Ask a Question forum: Newbie wants to know about seed germination

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Name: Kim
Oklahoma (Zone 7a)
Someday, I want to be a gardener!
Shymaiden32
May 17, 2016 3:12 PM CST
I have read about the paper towel method of seed germination but I also have read that unless they are really tiny, you should soak your seeds first? what is the best method of seed germination? suggestions welcome!!
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Name: Sue
Ontario, Canada (Zone 4a)
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sooby
May 17, 2016 3:48 PM CST
Welcome! Kim. Different plant seeds have different requirements. Some need light, some need dark, some need damp chilling (stratification) before they will germinate, some need the seed coats abraded (scarification), some benefit from soaking first, some are negatively affected by soaking first, some need alternating temperatures, and so on.

It depends on what seeds you want to start, what their specific requirements are, and what you might have already done to break any seed dormancy (seed dormancy will prevent them from germinating even in otherwise perfect conditions) etc. Hope I haven't made this sound too complicated because it's not really, it's just a question of finding out what works best for the plant seeds you want to start.

If you let us know what you want to grow I'm sure we can help more Smiling
Name: Rick Corey
Everett WA 98204 (Zone 8a)
Sunset Zone 5. Koppen Csb. Eco 2f
I helped beta test the first seed swap Plant and/or Seed Trader Seed Starter Region: Pacific Northwest Photo Contest Winner: 2014 Vegetable Grower
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RickCorey
May 17, 2016 7:38 PM CST
Hi, Kim! Welcome to NGA. I like your screen name!

Big seeds with hard, thick coats often need to be scratched and soaked, just so the water REACHES the embryo!

Do any annual seeds need stratification or varying temperatures? Or only perennials?

If you're talking about vegetables, they tend to be easy or at least simple: either all they need is moisture, or that plus a little warmth. (Or in the case of lettuce - moisture and COOL soil.)

I often go to Tom Clothier to find a suggestion for hard-to-germinate seeds. But you need to know the "Latin name", and sometimes need to know more than one Latin synonym, since those darn taxonomists keep changing names to protect the innocent.

He also has a nice article about ideal seed germination temperatures: what makes them germinate fastest may not be the conditions that make the MOST of them germinate.

http://tomclothier.hort.net/

P.S. I don't do winter-sowing myself, but they will be quick to tell you that "stratification" is best done in a milk jug, on the back porch all winter, and then just shovel the sprouted seedlings into your garden.


Name: woofie
NE WA (Zone 5a)
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woofie
May 18, 2016 11:00 AM CST
There is also another nifty method for seed starting using vermiculite in small plastic tubs. Works very well for many types of seeds.
http://www.seedsite.eu/articles/sowing
Confidence is that feeling you have right before you do something really stupid.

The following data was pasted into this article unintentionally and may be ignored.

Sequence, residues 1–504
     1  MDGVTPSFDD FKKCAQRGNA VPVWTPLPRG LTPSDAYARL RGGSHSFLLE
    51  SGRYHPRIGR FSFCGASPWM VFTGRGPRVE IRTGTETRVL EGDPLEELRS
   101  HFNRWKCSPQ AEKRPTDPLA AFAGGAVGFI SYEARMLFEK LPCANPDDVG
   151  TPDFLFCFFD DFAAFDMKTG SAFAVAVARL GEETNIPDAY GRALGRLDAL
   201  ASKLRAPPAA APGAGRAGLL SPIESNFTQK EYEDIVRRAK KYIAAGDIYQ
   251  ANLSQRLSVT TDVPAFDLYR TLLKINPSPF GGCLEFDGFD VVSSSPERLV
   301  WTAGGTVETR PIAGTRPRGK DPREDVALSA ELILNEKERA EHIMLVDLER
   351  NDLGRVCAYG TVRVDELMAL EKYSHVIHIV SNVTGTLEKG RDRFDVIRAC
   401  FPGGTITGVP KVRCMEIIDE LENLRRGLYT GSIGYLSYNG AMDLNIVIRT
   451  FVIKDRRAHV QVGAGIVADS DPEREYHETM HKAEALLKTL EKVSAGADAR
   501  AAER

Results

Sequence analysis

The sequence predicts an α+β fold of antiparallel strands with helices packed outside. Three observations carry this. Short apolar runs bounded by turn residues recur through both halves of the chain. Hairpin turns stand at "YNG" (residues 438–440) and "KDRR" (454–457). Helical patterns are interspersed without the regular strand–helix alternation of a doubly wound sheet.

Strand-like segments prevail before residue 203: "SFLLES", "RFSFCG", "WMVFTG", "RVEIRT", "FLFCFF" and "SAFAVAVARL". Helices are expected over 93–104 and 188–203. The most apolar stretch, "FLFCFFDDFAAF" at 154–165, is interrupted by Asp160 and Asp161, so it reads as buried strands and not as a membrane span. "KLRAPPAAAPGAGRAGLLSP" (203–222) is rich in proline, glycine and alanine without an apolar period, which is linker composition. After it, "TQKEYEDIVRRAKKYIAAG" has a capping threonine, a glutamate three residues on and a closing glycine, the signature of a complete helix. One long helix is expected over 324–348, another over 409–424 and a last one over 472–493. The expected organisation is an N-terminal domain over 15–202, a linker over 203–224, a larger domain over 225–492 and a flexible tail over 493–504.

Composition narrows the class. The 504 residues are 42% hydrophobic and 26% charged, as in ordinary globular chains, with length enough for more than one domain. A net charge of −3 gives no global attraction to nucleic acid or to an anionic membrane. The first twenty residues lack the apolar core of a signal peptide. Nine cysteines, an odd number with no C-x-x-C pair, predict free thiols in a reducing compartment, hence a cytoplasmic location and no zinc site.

Name: Kim
Oklahoma (Zone 7a)
Someday, I want to be a gardener!
Shymaiden32
May 28, 2016 12:13 PM CST
I guess I should get online and see what needs what...I bought a bunch of seeds, some bushes and shrubs, some grasses. I know one is pampas grass, sweet grass, white sage, burning bush, ect. I have always just bought the plant and never tried to germinate anything. I do like the idea of the winter thing and then just planting. I live in Oklahoma and have good soil, so just about anything will grow here as long as it can take the heat and humidity. I just noticed seeds were way cheaper and was hoping I could do this germination thing. I suppose it's too late in the season to try it now?
I Wish I had a Green Thumb!
Name: Rick Corey
Everett WA 98204 (Zone 8a)
Sunset Zone 5. Koppen Csb. Eco 2f
I helped beta test the first seed swap Plant and/or Seed Trader Seed Starter Region: Pacific Northwest Photo Contest Winner: 2014 Vegetable Grower
Avid Green Pages Reviewer Garden Ideas: Master Level Garden Sages I was one of the first 300 contributors to the plant database! I helped plan and beta test the plant database. Charter ATP Member
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RickCorey
May 31, 2016 2:27 PM CST
Shymaiden32 said: ... I just noticed seeds were way cheaper and was hoping I could do this germination thing. I suppose it's too late in the season to try it now?


I totally agree that starting from seeds gives you more choices and is much cheaper ... but it is more work.

It might be a good time to plants beans outside, or any heat-loving plan for a summer crop. It's too early to plant fall crops.

Trees and bushes - I just don't know. I think of those as "very advanced" for seed-starting, but then, I never tried to start a tree or bush from seed.

Flowers ... perennials I think you can start almost any time as long as you know you might not get blooms the first year. But perennials tend to be small seeds and many of them need stratification - a lot for a first-time seed=-starter to pick up.

Can you start annual flowers late in the season and still get blooms before frost? I'm guessing that some will bloom the first year and some will be fussy. But I just don;t know. I tend to grow very easy flowers when I grow any, and I start them too early rather than maybe-too-late.

I hope you get some more helpful answers!



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